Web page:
Author lemburg
Recipients Rhamphoryncus, amaury.forgeotdarc, bupjae, ezio.melotti, lemburg, vstinner
Date 2009-10-05.14:16:24
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Message-id <4AC9FFB7.1050204@egenix.com>
In-reply-to <1254745724.36.0.0195575889541.issue5127@psf.upfronthosting.co.za>
Content
Amaury Forgeot d'Arc wrote:
> 
> Amaury Forgeot d'Arc <amauryfa@gmail.com> added the comment:
> 
>> We'd need to expose the UCS4 APIs *in addition*
>> to those APIs and have the UCS2 APIs redirect to the UCS4 ones.
> 
> Why have two names for the same function? it's Python 3, after all.

It's not the same function... the UCS2 version would take a
Py_UNICODE parameter, the UCS4 version a Py_UCS4 parameter.

I don't understand the comment about Python 3.x. FWIW, we're no
longer in the backwards incompatible changes are allowed mode
for 3.x.

> Or is this "no recompile" feature so important (as long as changes are
> clearly shown to the user)? It does not work on Windows, FWIW.

There are generally two options for API changes within a
major release branch:

 1. the changes are API backwards compatible and only the Python API
    version is changed

 2. the changes are not API backwards compatible; in such a case,
    Python has to reject imports of old module (as it always
    does on Windows), so the Python API version has to be changed
    *and* the import mechanism must reject the import

The second option was used when transitioning from 2.4 to 2.5 due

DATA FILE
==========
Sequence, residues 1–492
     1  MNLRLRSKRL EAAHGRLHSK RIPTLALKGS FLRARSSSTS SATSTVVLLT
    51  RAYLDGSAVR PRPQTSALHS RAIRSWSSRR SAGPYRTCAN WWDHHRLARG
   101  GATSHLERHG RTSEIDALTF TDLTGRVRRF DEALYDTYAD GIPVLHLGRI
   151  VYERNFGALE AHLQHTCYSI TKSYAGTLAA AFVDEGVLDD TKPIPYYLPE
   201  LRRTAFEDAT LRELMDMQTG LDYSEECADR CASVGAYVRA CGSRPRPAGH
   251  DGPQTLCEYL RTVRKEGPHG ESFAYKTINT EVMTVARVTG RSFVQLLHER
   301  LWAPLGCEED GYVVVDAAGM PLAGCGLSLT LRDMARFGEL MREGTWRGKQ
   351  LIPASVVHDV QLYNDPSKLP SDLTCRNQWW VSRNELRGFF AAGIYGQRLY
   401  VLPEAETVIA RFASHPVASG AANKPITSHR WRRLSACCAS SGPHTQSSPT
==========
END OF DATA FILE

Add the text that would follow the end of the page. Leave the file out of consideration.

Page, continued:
to the Py_ssize_t changes.

We could do the same for 2.7/3.2, but if it's just needed for this
one change, then I'd rather stick to implementing the first option.

>> I haven't checked, but it's certainly possible to have a code point
>> use a non-BMP lower/upper/title case mapping, so this should be
>> made possible as well, if we're going to make changes to the type
>> database.
> 
> OK, here is a new patch.  Even if this does not happen with unicodedata
> up to 5.1, the table has only 175 entries so memory usage is not
> dramatically increased.
> Py_UNICODE is no more used at all in unicodectype.c.

Sorry, but this doesn't work: the functions have to return Py_UNICODE
and raise an exception if the return value doesn't fit.

Otherwise, you'd get completely wrong values in code downcasting
the return value to Py_UNICODE on narrow builds.

Another good reason to use two sets of APIs. The new set could
indeed return Py_UCS4 values.
History
Date User Action Args
2009-10-05 14:16:27lemburgsetrecipients: + lemburg, amaury.forgeotdarc, Rhamphoryncus, vstinner, ezio.melotti, bupjae
2009-10-05 14:16:25lemburglinkissue5127 messages
2009-10-05 14:16:24lemburgcreate